10

I wonder what can cause the first line output of the command show interfaces to be: FastEthernet is up, line protocol is down.

In other words,

  • Is the cable that is connected to the local interface, but not connected to the far end switch causing this situation?
  • Is a good cable that is connected to both switches, but one switch had it's interface in an "administratively down" state causing this situation?

If not, what would cause an interface to be in an up,down state?

2
  • Though I am new to networking, I was testing a simulation on a network through Cisco packet tracer and one serial interface had up/ down. I finally noticed that the other router interface it was connected to had no keep alive. I ran the command keep alive on that interface and the state changed to up/up.. – ITNewbie Mar 1 '16 at 5:43
  • Did any answer help you? If so, you should accept the answer so that the question doesn't keep popping up forever, looking for an answer. Alternatively, you can post and accept your own answer. – Ron Maupin Jan 3 at 5:10
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I wonder what can cause that the first line output of the command "show interfaces" will be: "fastEthernet is up, line protocol is down".

Cisco ethernet interfaces are normally down / down if they don't have a link. If you're seeing up / down, the most likely causes are:

  • Cable fault
  • Speed mismatch (I personally haven't seen a duplex mismatch bring an intf up / down)
  • is cable that connected to the local interface, but not connected to the far end switch, will cause that situation?

If the cable is bad...

  • is good cable that connected to both switches, but one switch had it's interface in "administratively down" state, will cause that situation?

I haven't seen that recently. For example, I have a c3560c in my lab and shutdown fa0/12... then I connected a good cable between the fa0/11 and fa0/12 ports...

sw1#sh ip int brief | i 0/1[1-9]
FastEthernet0/11       unassigned      YES unset  down                  down
FastEthernet0/12       unassigned      YES unset  administratively down down
sw1#

That said, I do have vague memories of seeing up / down when the remote interface was shut on other platforms in the past, but I don't remember seeing it recently If the cable is faulty, it could cause up / down status

Testing your cabling:

If you have a Cisco switch, you can test your cabling on the up / down interface like this... the following is good tdr output for the command when nothing is connected to the other end of the cable.

sw1#test cable-diagnostic tdr interface Fa0/6
TDR test started on interface Fa0/6
A TDR test can take a few seconds to run on an interface
Use 'show cable-diagnostics tdr' to read the TDR results.
sw1#
sw1#show cable-diagnostics tdr interface fa0/6
TDR test last run on: February 12 04:45:37

Interface Speed Local pair Pair length        Remote pair Pair status
--------- ----- ---------- ------------------ ----------- --------------------
Fa0/6     auto  Pair A     31   +/- 1  meters N/A         Open
                Pair B     31   +/- 1  meters N/A         Open
                Pair C     N/A                N/A         Not Supported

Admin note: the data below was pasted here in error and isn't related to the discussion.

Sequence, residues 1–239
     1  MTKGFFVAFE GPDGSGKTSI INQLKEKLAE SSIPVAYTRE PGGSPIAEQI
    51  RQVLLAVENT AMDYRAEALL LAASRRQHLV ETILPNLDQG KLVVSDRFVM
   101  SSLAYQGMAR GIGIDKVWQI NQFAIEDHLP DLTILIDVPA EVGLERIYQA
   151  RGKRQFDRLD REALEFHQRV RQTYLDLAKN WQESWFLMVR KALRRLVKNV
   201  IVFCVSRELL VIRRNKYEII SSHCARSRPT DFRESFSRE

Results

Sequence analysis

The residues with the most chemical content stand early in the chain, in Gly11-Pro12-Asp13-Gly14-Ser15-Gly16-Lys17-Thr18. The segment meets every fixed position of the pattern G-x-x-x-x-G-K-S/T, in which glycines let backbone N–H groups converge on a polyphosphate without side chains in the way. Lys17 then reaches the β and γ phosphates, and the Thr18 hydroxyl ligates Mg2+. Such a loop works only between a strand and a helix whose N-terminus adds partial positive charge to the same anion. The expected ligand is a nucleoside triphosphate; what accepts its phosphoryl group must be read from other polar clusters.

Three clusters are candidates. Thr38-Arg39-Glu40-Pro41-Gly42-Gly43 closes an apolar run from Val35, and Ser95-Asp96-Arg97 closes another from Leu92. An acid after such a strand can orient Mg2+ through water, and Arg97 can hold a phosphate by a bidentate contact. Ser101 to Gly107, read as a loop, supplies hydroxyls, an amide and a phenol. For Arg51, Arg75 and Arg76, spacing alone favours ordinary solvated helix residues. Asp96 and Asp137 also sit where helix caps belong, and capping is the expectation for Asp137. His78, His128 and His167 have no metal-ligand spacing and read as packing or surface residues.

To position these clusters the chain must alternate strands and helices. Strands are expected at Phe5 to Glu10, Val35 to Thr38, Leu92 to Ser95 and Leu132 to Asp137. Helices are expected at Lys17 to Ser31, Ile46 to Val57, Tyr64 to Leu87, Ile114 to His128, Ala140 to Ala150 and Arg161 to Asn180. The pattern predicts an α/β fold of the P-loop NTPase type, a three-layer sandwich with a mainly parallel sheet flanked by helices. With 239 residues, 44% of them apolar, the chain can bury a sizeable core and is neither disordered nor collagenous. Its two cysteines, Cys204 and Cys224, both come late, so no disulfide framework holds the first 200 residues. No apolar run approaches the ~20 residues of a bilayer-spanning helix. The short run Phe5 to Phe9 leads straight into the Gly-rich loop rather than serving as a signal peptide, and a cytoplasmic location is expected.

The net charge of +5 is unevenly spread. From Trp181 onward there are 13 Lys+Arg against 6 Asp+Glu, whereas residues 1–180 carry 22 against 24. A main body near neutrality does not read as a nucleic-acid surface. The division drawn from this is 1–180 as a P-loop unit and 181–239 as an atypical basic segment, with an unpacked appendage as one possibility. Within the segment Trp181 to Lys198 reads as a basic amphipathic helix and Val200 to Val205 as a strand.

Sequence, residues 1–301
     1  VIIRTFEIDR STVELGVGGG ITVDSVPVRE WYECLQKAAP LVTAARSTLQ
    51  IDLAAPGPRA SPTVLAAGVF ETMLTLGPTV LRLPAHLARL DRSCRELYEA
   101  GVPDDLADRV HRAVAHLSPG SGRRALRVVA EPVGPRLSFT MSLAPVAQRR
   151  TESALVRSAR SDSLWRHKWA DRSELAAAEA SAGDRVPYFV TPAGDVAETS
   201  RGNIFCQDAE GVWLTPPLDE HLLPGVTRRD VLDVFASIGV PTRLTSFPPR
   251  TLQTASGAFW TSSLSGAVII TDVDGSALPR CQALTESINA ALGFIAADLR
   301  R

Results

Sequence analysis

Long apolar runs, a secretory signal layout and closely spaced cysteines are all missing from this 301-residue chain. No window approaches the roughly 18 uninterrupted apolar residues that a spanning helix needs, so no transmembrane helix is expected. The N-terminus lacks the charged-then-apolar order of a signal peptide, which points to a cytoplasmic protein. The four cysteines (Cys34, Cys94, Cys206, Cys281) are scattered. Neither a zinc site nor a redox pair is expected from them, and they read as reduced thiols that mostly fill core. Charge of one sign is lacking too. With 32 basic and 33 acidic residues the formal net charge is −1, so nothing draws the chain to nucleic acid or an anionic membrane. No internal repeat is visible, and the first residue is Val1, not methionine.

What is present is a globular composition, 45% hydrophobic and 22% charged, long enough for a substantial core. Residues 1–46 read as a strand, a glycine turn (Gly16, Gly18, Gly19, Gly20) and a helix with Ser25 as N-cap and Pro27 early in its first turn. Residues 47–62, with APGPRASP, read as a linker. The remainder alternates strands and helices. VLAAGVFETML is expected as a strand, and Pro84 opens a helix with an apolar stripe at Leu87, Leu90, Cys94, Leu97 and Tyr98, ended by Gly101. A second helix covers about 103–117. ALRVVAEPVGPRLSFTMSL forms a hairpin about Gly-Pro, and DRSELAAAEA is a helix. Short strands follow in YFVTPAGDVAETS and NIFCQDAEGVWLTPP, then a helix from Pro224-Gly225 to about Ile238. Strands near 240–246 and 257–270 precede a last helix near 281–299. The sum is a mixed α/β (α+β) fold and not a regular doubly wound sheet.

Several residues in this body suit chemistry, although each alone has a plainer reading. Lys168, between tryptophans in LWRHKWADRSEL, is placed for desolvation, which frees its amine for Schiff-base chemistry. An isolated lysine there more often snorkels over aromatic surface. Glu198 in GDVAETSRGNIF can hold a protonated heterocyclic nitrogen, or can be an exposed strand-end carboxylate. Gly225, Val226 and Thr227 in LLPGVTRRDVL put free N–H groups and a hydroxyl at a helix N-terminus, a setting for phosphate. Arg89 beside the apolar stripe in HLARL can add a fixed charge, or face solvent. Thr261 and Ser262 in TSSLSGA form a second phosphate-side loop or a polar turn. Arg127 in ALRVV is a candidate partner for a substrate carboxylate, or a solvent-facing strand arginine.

Pair D     N/A                N/A         Not Supported
sw1#

Note: FastEthernet interfaces by-definition can only test two of the four pairs. GigabitEthernet interfaces can test all four pairs.

Older switches don't have a tdr function... you'd have to test the cabling manually.

5
  • Regarding to the second question: What if the cable is good? the interface will be on down/down state? – kolxxx Feb 12 '15 at 12:06
  • Side A would be admin down, and side B would be down/down. – Jordan Head Feb 12 '15 at 14:14
  • "is cable that connected to the local interface, but not connected to the far end switch, will cause that situation?" I mean that question... – kolxxx Feb 12 '15 at 20:00
  • No. if the cable is good, both sides will be down. – Jordan Head Feb 12 '15 at 23:25
  • And if the cable is bad? The interface will be in up/down state? – kolxxx Feb 13 '15 at 9:40
0

sometimes is the encapsulation mismatch. whick menas that keepalives will not be receiver on the far end.

So it's a datalink layer problem.

0

In my case, use different prefix length can cause this problem.

For example, on switch interface configure an IP address 192.0.2.0/31 and on server interface configure 192.0.2.1/24.

4
  • IP addressing, at layer-3, does not affect the layer-1/2. – Ron Maupin Sep 25 '18 at 23:39
  • @RonMaupin But, when I config ip address with /31 mask, it become a real p2p link. So I think it may affect layer 2. – qin Sep 26 '18 at 2:50
  • No, it is point-to-point at layer-3. Switch interfaces are layer-2 interfaces, but if you can address it, then you have enabled layer-3 and it is a router interface. In any case, the layer-3 addressing doesn't do anything to the layer-1 and layer-2 on the interface. In the question, the interface is layer-1, and the line protocol is layer-2. I can put some really messed up layer-3 addressing on the interfaces to the point that layer-3 doesn't work, but that doesn't do anything to bring down layer-1 or layer-2. – Ron Maupin Sep 26 '18 at 2:55
  • @RonMaupin When I change server ip from 192.0.2.1/24 to 192.0.2.1/31, the line protocol is change to UP – qin Sep 27 '18 at 6:12
-1

it is a speed and / or duplex mismatch

1
  • 4
    A better answer would include the reasons. A statement without backup is typically suspect. You should explain/justify your conclusion. – Ron Maupin Oct 12 '15 at 4:00

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